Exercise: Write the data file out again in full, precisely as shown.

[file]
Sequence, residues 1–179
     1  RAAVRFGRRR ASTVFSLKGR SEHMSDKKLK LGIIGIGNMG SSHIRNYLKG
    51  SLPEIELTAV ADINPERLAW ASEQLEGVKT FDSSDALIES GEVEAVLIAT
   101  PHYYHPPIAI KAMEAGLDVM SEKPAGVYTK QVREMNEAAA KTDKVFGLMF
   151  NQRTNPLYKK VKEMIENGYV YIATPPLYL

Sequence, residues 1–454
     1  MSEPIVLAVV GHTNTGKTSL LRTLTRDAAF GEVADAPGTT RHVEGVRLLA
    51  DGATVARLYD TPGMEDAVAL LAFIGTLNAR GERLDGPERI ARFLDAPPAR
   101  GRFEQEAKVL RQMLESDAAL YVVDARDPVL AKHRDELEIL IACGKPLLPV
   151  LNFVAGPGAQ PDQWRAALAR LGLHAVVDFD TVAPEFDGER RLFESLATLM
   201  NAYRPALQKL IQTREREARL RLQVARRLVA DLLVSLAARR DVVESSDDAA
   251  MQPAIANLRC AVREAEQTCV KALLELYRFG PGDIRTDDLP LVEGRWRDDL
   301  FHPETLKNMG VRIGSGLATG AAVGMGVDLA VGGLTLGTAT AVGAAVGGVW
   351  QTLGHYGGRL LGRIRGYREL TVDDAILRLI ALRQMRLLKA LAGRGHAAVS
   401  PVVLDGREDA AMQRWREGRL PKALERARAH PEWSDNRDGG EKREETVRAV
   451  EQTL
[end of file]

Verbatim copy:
Sequence, residues 1–179
     1  RAAVRFGRRR ASTVFSLKGR SEHMSDKKLK LGIIGIGNMG SSHIRNYLKG
    51  SLPEIELTAV ADINPERLAW ASEQLEGVKT FDSSDALIES GEVEAVLIAT
   101  PHYYHPPIAI KAMEAGLDVM SEKPAGVYTK QVREMNEAAA KTDKVFGLMF
   151  NQRTNPLYKK VKEMIENGYV YIATPPLYL

Sequence, residues 1–454
     1  MSEPIVLAVV GHTNTGKTSL LRTLTRDAAF GEVADAPGTT RHVEGVRLLA
    51  DGATVARLYD TPGMEDAVAL LAFIGTLNAR GERLDGPERI ARFLDAPPAR
   101  GRFEQEAKVL RQMLESDAAL YVVDARDPVL AKHRDELEIL IACGKPLLPV
   151  LNFVAGPGAQ PDQWRAALAR LGLHAVVDFD TVAPEFDGER RLFESLATLM
   201  NAYRPALQKL IQTREREARL RLQVARRLVA DLLVSLAARR DVVESSDDAA
   251  MQPAIANLRC AVREAEQTCV KALLELYRFG PGDIRTDDLP LVEGRWRDDL
   301  FHPETLKNMG VRIGSGLATG AAVGMGVDLA VGGLTLGTAT AVGAAVGGVW
   351  QTLGHYGGRL LGRIRGYREL TVDDAILRLI ALRQMRLLKA LAGRGHAAVS
   401  PVVLDGREDA AMQRWREGRL PKALERARAH PEWSDNRDGG EKREETVRAV
   451  EQTL